A life in the day


US Kidnap and Torture Policy

Filed under: — site admin @ 9:49 am

Today’s New York Times Op-Ed column by Bob Herbert is a clear-cut sign of what kind of government we are developing in the United States:

In the fall of 2002 [Maher Arar], a Canadian citizen, suddenly found himself caught up in the cruel mockery of justice that the Bush administration has substituted for the rule of law in the post-Sept. 11 world. While attempting to change planes at Kennedy Airport on his way home to Canada from a family vacation in Tunisia, he was seized by American authorities, interrogated and thrown into jail. He was not charged with anything, and he never would be charged with anything, but his life would be ruined.

Mr. Arar was surreptitiously flown out of the United States to Jordan and then driven to Syria, where he was kept like a nocturnal animal in an unlit, underground, rat-infested cell that was the size of a grave. From time to time he was tortured.

Mostly, I’m just sickened, but there’s a part of me that can’t help but feeling that a country that would elect — and re-elect — George Bush deserves this sort of government. (Okay, make that a country that would re-elect GWB; it was the Supreme Court that elected him.)

Herbert ended his column with this:

A lawsuit on Mr. Arar’s behalf has been filed against the United States by the Center for Constitutional Rights in New York. Barbara Olshansky, a lawyer with the center, noted yesterday that the government is arguing that none of Mr. Arar’s claims can even be adjudicated because they “would involve the revelation of state secrets.”

This is a government that feels it is answerable to no one.

I’m afraid that this is quite literally true. The Bush Administration sees itself above our law, and our country above international law. How is the country going to fare with four more years of this evil?


North Korea

Filed under: — site admin @ 12:15 pm

I can’t wait for this one.

How is the Bush Administration going to react to the news that North Korea now has announced that it has nuclear weapons?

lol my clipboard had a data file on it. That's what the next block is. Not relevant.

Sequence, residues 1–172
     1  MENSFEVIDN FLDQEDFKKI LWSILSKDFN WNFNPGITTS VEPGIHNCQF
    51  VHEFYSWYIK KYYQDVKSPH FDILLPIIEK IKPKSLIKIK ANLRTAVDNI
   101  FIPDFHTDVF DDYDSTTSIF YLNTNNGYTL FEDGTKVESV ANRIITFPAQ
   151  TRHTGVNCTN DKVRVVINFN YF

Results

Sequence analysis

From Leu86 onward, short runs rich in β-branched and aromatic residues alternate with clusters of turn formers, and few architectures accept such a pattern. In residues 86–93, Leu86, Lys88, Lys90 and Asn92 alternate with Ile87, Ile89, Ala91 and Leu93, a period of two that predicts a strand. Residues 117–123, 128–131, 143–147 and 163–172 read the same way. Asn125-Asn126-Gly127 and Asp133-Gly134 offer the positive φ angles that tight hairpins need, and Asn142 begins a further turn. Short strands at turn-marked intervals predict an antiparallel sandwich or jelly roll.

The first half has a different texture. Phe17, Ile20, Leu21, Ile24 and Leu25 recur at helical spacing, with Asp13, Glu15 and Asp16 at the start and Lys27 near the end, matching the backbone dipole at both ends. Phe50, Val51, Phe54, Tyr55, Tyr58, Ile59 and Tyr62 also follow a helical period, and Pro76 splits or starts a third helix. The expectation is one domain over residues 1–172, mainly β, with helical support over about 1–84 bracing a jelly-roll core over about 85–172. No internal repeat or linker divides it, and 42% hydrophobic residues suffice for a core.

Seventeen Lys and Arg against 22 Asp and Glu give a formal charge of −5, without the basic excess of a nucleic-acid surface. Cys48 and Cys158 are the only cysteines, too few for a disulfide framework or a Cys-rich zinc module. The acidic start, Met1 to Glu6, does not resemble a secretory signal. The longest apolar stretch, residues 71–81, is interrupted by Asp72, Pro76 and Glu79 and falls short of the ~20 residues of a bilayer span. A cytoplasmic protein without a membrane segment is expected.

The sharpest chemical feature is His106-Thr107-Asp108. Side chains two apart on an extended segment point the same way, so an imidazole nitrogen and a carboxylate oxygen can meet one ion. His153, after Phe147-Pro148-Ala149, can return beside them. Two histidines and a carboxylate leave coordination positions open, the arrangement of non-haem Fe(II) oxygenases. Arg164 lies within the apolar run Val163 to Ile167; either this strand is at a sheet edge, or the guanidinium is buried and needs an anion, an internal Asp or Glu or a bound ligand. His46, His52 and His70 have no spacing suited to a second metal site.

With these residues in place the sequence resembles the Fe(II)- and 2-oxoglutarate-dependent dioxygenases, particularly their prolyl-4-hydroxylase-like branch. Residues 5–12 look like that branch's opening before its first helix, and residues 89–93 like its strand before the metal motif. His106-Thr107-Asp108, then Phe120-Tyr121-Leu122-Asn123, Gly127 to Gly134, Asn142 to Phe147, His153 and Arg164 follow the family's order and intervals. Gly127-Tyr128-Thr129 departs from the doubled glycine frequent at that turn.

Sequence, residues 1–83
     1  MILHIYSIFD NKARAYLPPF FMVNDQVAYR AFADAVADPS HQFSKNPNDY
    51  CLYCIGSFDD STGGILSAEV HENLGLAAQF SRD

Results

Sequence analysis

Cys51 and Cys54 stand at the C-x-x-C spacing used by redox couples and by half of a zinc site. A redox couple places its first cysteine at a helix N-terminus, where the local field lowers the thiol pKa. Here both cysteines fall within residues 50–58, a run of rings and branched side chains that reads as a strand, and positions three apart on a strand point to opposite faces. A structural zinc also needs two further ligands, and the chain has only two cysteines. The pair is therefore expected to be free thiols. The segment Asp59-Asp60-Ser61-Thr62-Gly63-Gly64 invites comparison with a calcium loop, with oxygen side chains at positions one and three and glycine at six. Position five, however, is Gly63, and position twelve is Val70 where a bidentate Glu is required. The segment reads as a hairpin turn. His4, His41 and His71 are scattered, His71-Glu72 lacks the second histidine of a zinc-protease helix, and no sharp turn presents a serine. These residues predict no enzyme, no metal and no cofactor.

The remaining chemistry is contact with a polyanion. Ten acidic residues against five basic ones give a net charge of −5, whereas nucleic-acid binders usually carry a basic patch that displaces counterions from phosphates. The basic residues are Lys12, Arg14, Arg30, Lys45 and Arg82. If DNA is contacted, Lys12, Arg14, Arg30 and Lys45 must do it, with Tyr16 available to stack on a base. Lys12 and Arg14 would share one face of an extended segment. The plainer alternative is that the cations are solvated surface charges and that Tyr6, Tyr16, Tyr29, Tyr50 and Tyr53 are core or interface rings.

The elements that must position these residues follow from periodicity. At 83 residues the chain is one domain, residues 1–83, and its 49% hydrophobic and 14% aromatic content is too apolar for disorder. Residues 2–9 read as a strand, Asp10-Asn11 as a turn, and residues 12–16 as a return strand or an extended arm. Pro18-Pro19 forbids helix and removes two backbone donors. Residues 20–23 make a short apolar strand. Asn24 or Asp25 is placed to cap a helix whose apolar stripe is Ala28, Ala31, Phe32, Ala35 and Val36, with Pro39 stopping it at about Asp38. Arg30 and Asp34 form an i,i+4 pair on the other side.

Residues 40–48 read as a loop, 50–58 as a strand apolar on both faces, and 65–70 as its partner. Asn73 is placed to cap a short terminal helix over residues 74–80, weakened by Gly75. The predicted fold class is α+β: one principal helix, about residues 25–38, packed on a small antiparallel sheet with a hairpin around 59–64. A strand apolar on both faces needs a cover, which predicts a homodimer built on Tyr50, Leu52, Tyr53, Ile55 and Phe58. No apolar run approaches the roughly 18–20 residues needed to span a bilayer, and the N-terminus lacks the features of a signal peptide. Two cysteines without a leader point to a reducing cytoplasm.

“But that’s against the non-proliferation treaty. You’re breaking an important nuclear treaty, and that’s just plain — what’s that Condi? ABM Treaty? — well, nevermind.”

“Nuclear weapons are a grave threat to the entire world and nobody should be allowed to have… um, err. Next question please!”

Nicholas Kristof must be reveling in his own timing. Yesterday’s column was Bush Bites His Tongue about how Bush doesn’t want to talk about or have Americans think about North Korea, because there don’t seem to be any good options. Let’s see, we invade Iraq because of the non-existent weapons of mass destruction they claimed not to have. Now North Korea is claiming to have them. They have an equally evil dictator, and no freedom or democracy. But it would probably be an even bigger quagmire to invade than Iraq. But hush, Bush is busy making noise about Iran.

Ten gross days left in the Bush administration.

And counting.

Cool hunting is real

Filed under: — site admin @ 9:32 am

It turns out that coolhunting is a real job. William Gibson’s marvelous book Pattern Recognition introduced Cayce Pollard, whose job it is to spot the coolest trends. I thought it was a wonderful conceit, just close enough to the edge of reality to be plausible. But no, I’m sure Gibson must have read Malcolm Gladwell’s 1997 New Yorker piece (hat tip to wetciv for the link).

I can’t figure out if that enhances my memory of the book or detracts from its edginess. And now I’m starting to wonder if there might have been interviews with Gibson back when which even mentioned the Gladwell essay, things repressed by my admiration for Gibson and my general feeling that an author who mostly writes science fiction is supposed to invent subjects like this.